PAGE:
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Lab-grown wood? Sounds crazy, but it could be a game-changer for the planet

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“A lot of what you’re seeing here is a convergence of engineering and biology in ways that people didn’t imagine even just a few years ago,” said Jeffrey Borenstein, technical director of the Biomedical Engineering Center at the Charles Stark Draper Laboratory.

Located in Cambridge, Massachusetts, a mere stone’s throw from the world-famous Massachusetts Institute of Technology campus, the not-for-profit Draper Laboratory has been carrying out cutting-edge research for decades. In the 1960s, it helped design the Apollo Guidance Computer that placed the Apollo astronauts on the moon, and then returned them safely.

The project Borenstein is talking about above is altogether more earthbound, although no less impressive. In fact, if all goes according to plan, it’s not an exaggeration to say it could be a planet-saver. The Big Idea: To grow plant tissues in a lab to produce the vegan equivalent of lab-grown meat.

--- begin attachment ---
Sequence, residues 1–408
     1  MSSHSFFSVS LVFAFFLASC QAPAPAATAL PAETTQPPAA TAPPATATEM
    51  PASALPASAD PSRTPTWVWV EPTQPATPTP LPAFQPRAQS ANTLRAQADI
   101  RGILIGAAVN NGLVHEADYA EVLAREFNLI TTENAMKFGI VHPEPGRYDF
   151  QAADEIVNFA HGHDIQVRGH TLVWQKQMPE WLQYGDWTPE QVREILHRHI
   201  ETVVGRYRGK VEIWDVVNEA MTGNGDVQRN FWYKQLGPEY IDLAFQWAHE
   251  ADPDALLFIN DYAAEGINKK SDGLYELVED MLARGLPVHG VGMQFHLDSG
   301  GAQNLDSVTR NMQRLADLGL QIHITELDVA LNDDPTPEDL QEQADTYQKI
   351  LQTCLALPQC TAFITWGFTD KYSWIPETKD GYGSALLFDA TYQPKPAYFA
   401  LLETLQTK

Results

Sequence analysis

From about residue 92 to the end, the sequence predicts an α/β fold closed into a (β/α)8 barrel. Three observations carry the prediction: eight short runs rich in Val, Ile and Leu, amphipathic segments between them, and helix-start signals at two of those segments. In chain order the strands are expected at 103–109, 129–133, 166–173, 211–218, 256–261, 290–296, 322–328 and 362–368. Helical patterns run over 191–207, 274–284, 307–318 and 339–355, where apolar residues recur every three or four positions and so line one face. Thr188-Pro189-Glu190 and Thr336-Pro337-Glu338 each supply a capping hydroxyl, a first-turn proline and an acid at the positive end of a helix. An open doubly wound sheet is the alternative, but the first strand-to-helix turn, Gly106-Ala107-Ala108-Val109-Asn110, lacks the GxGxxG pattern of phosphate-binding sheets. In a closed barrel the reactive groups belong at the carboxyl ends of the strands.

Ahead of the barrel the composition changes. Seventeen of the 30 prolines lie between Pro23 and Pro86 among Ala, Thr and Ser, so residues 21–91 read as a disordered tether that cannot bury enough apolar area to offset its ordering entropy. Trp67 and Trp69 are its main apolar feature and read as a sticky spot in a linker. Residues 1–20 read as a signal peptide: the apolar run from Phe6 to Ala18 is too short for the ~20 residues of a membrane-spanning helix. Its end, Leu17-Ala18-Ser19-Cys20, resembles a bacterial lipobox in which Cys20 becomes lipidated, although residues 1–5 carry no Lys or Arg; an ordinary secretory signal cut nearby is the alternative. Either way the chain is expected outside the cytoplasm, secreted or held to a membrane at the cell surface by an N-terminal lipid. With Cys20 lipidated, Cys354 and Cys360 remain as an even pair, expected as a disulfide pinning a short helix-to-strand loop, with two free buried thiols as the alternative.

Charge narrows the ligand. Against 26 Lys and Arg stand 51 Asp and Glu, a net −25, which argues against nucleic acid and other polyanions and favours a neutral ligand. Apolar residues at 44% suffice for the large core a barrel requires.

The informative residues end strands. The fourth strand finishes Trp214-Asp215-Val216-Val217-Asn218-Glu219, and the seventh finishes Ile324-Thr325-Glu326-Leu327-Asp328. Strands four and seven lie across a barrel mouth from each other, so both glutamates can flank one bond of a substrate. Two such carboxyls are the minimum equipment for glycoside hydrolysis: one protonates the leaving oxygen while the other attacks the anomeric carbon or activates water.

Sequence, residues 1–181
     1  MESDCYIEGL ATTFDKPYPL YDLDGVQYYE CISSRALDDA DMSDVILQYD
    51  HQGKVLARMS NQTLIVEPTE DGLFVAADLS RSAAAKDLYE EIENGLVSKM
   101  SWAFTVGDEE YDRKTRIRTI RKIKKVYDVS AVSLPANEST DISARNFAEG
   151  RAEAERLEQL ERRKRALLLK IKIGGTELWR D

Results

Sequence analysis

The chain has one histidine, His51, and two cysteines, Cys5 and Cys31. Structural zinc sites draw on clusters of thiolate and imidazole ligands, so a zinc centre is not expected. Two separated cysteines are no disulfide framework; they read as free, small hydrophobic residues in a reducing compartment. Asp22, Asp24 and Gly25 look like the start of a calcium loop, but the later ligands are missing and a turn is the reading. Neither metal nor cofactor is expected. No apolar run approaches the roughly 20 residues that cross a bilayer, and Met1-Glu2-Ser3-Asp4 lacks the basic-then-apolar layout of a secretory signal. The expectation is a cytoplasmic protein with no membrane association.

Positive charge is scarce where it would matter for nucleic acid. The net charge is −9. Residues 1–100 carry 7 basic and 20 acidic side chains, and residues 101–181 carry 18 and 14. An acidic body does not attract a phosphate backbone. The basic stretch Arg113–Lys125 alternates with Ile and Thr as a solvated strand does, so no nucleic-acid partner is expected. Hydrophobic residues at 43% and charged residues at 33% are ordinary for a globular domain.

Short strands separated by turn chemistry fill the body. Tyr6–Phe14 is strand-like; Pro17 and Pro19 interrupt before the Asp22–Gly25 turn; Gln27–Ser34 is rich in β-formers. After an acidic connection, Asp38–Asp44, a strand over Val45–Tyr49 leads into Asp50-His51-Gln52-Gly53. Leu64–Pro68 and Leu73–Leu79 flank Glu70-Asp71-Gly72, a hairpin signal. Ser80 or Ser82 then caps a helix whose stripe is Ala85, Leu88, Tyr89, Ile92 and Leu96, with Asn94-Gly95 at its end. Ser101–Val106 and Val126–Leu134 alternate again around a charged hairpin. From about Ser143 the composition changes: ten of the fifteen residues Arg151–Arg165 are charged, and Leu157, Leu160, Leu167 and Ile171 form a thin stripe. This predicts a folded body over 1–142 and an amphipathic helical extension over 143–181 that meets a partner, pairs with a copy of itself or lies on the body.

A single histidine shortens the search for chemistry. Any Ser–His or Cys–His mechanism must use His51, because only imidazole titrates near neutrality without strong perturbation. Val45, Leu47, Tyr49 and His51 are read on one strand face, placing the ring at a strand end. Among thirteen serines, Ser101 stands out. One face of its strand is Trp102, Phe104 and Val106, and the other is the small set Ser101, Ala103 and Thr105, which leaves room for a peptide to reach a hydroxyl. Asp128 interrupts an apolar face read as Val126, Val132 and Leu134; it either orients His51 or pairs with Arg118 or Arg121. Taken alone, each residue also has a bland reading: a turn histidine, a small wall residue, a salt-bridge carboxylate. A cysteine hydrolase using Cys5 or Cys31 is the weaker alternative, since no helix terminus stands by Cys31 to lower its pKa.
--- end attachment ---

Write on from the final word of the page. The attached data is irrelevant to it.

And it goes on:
“Imagine, for example, growing a stronger wooden table in one solid piece. No tree planting, milling, transportation, soil, or sunlight necessary.”

If that sounds impressive, but of niche interest, picture the potential applications: Rather than having to cut down forests to produce wood — to give one example of a plant tissue — you could instead grow the material rapidly through a chemical process in a way that has considerably smaller planetary impact. You could even tweak its mechanical properties or its geometry. Imagine, for example, growing a stronger wooden table in one solid piece. No tree planting, milling, transportation, soil, or sunlight necessary.